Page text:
I remember sitting in the offices of a big mover and shaker in the Italian property industry discussing the repercussions of Lehman Bros last year and whether the soon-to-be-sworn-in Barack Obama would have any impact.  His response was a motto: ‘There wouldn’t be so many wolves if there weren’t so many sheep.’ It made me smile ever so slightly being sat, as I was, across the table from one of the biggest, although admittedly infinitely likeable wolves you could ever meet.  

But it made me think about Pinocchio – the quintessential Italian story.  Watch Roberto Benigni’s film version set in Umbria and you will get a true insight into the Italian psyche.  Shortly before his experiences with a whale and a land of donkeys, Pinocchio is conned out of his bag of gold coins by a very charming cat and fox – they tell him to invest in a hole in the ground for an enormous, guaranteed return, and so he does. They return and promptly steal the lot.  We then witness a hysterically desperate wooden top jumping around the countryside.  Does this sound familiar?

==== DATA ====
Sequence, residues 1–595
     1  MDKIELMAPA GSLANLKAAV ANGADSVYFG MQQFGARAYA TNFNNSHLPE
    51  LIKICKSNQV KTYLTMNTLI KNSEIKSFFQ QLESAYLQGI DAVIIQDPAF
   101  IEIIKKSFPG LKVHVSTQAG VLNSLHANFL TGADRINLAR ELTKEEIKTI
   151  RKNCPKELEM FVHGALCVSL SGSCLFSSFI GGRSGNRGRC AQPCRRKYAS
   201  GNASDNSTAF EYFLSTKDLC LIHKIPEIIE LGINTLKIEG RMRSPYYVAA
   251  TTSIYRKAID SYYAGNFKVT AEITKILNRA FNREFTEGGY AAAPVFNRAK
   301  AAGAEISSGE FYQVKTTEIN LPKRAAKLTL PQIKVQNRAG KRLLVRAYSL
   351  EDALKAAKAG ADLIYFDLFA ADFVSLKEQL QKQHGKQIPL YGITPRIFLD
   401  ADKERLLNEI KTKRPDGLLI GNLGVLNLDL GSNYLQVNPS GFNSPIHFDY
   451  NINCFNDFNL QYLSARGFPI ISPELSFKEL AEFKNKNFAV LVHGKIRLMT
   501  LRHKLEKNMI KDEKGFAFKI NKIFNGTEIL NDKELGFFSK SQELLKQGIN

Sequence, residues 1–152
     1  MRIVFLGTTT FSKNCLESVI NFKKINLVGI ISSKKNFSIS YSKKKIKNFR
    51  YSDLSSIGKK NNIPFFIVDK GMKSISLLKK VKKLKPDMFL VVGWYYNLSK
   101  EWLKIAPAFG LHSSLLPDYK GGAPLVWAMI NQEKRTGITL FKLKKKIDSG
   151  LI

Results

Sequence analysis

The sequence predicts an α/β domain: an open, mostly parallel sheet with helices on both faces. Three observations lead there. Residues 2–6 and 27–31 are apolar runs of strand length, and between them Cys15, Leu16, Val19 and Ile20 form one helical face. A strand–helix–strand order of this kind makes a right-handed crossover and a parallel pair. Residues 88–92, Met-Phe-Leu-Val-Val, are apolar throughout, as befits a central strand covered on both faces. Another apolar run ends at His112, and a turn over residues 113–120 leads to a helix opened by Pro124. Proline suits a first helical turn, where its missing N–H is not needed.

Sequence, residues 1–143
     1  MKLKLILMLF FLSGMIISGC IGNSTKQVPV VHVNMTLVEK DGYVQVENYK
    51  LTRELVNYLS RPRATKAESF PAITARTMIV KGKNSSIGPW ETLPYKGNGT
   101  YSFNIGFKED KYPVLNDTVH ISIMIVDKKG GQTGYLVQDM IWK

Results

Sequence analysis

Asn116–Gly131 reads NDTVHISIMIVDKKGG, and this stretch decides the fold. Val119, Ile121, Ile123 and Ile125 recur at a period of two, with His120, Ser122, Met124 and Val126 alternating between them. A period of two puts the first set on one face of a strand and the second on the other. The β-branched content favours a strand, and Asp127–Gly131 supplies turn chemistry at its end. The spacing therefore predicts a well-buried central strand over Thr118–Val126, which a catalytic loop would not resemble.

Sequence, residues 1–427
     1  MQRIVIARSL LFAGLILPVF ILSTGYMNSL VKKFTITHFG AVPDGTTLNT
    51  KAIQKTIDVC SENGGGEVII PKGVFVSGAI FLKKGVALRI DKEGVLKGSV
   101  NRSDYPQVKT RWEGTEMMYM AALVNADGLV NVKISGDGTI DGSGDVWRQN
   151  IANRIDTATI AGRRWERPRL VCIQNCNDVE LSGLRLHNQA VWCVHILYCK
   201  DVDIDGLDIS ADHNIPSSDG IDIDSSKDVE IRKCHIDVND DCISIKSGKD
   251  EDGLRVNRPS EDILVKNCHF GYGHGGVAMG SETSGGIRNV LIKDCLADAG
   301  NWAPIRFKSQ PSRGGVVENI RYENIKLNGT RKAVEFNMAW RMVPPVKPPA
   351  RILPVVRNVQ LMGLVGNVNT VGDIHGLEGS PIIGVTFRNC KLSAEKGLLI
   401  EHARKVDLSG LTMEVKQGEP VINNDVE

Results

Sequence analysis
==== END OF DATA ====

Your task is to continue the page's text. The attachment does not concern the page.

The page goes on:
No doubt there are cats and foxes circulating in the Italian property industry. Unfortunately, when conducting initial conversations with clients enquiring about property search services in Italy I do sometimes feel like the very first cat the newly feline-averse Pinocchio encounters after his painful experience.  Despite this, I will now give you two very good reasons to look carefully at the residential property market in Italy in 2010, you may feel I am either a cat or a fox, but if you do, I reserve the right to call you a wooden top.